Brett Arends's ROI: This one simple move could make you over $150,000

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Possibly the fastest, simplest way to add a ton of money to your retirement account is staring you in the face—often, quite literally.

It’s your cellphone.

A recent survey from discount network provider Ting reports that the average American today is blowing $114 a month on their cellphone bill.

Excuse me?

I know that people these days absolutely live on their cellphones, which they mistake for a social life and human interaction, but this is insane.

It’s especially crazy if you who have money worries, or haven’t saved enough for your retirement, or both. Which means: If you’re outside of the 0.1%.

One thing I’ve noticed, about myself and others, is that as humans we have a tendency to overlook our incremental daily costs—the so-called “latte factor,” as finance writer David Bach likes to call it. Ask someone to fork out $300 and they’ll notice it. Automatically bill them $5.99 a week for a year and they might not.

Which brings us to cellphones.

It is hard to see any good reason to spend over $100 a month on a cellphone unless you have specific needs, such as business needs, or money to burn. You can get cheap access to the cellular networks through discount “mobile virtual network operators,” which simply resell airtime at a lower rate. Many people turn their noses up at them for some reason. I’ve been using them for years.

Ting says its average customer pays $23 a month. It’s one of many discounters.

Ultra Mobile will sell you calls, texts and 1 gigabyte a month for $19. Red Pocket will sell you calls, texts and 5 gigabytes a month for $20.

It doesn’t end there. You can now get cellphone plans that cost $50 a year. No, really. That’s how much it costs for a year’s service through FreedomPop, a company that resells time on the AT&T network. You need a smartphone, because the calls go through an app, but almost everyone has one these days. That money gets you unlimited calls and texts, and 1 gigabyte of data a month.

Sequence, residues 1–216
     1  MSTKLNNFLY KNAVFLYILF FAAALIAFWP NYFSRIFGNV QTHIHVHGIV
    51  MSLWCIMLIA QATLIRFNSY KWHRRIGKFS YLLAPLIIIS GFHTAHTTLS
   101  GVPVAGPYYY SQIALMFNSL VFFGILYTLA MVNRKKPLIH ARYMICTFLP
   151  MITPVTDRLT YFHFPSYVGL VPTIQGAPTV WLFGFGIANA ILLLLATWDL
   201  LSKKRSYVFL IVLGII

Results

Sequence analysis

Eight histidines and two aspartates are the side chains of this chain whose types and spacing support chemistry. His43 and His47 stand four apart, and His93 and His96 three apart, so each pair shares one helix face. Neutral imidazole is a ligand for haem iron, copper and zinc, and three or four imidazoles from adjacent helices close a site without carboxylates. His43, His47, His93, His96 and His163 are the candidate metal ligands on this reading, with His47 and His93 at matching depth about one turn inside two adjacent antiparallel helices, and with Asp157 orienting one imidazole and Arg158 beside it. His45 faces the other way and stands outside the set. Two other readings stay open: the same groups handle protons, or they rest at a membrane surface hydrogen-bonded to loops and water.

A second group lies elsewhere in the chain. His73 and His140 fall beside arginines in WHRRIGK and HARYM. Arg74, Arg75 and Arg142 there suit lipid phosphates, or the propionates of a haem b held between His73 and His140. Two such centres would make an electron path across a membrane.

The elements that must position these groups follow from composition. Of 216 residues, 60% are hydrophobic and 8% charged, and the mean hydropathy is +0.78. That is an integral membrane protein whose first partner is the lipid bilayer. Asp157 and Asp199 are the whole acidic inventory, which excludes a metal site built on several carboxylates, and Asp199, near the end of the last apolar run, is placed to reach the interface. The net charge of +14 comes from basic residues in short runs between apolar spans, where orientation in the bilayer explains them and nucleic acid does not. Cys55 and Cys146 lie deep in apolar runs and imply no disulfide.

I’ve used a variety of discounters and the main problems, where they’ve even arisen, have been from sluggish customer service. Generally speaking, I’m very happy with the overall experience. Especially the savings.

OK, so I’m generally FaceTiming and watching YouTube or Amazon Prime on my Wi-Fi network. Big deal.

Weirdly, when I mention this to people who are moaning about money, they act like addicts, and get defensive, or angry. “You’re trying to take away my cellphone,” and so on. It is quite normal now to meet people who simultaneously complain about their financial situation, and get angry at any suggestion they should do something about it, even if it’s pretty easy.

OK this may not be a huge amount a month, but every thing counts and, crucially, it’s really easy.

It isn’t about heroic self denial. Someone who spends $114 a month—the average—on their cellphone bill is blowing $1,360 a year. If you’re not already maxing out your retirement plans, and you’re in a 20% tax bracket, that’s about $1,650 a year extra you could be parking in your 401(k) or IRA.

Yeah, it sounds boring.

But the average long-term “real” return on stocks, in constant dollars, is about 4%.

Invest that amount of money over a 40 year working career, and what you have at the end? Try $156,000. And, to repeat: That’s in today’s money.

Average actual retirement savings among those in their 60s today: Maybe $170,000.

There are studies which suggest even that is a high estimate.

I’ve been known to criticize the FIRE (Financial Independence, Retire Early) movement, but mainly because I think retiring at 40 is probably a pipe dream, and because I fear many of the financial assumptions on investment returns are extravagant.

But the core principle is sound. Actually, it’s brilliant. The more waste you cut, the faster you can save, and the sooner you can achieve financial independence. Maybe it will make you rich. Or maybe it will just reduce your risks of ending up poor.

Either way, it’s a smart move—especially now.